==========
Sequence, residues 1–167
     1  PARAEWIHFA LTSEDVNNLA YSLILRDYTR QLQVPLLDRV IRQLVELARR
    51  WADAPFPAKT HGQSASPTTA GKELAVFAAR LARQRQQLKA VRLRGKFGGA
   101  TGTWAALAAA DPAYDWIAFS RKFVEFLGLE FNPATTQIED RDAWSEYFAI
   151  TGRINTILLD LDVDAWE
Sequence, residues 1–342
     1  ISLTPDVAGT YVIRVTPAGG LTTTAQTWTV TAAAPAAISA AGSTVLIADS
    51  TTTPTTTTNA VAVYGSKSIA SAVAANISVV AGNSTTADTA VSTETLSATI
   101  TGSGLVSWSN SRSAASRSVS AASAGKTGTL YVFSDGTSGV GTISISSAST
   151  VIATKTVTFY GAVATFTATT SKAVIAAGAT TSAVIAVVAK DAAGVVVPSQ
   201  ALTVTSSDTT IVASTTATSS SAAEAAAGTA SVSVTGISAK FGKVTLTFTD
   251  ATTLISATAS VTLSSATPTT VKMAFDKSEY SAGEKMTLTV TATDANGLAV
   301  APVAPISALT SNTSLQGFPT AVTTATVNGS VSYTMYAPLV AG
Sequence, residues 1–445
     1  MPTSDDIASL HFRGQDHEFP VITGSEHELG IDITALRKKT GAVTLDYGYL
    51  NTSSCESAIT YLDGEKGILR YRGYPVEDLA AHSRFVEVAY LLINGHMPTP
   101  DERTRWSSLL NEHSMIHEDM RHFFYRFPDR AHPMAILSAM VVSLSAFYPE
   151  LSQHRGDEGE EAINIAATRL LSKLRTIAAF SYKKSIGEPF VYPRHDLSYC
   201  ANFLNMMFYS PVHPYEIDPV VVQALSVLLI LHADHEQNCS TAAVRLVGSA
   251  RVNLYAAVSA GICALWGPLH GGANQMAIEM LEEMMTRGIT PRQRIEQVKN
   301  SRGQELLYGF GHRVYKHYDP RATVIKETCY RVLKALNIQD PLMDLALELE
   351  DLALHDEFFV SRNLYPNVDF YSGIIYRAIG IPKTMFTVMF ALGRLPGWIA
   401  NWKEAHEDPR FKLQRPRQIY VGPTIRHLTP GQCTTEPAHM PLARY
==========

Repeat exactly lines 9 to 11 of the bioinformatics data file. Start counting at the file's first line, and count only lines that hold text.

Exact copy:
   101  TGSGLVSWSN SRSAASRSVS AASAGKTGTL YVFSDGTSGV GTISISSAST
   151  VIATKTVTFY GAVATFTATT SKAVIAAGAT TSAVIAVVAK DAAGVVVPSQ
   201  ALTVTSSDTT IVASTTATSS SAAEAAAGTA SVSVTGISAK FGKVTLTFTD